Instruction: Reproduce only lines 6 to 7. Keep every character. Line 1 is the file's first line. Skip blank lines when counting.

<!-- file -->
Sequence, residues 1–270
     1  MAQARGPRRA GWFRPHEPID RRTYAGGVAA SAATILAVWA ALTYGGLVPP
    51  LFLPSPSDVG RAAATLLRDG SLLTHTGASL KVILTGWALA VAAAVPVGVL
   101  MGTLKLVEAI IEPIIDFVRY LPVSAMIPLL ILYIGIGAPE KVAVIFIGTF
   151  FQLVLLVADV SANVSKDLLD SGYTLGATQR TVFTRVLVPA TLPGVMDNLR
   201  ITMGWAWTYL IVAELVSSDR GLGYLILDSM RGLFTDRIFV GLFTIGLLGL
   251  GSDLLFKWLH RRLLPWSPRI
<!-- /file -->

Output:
   201  ITMGWAWTYL IVAELVSSDR GLGYLILDSM RGLFTDRIFV GLFTIGLLGL
   251  GSDLLFKWLH RRLLPWSPRI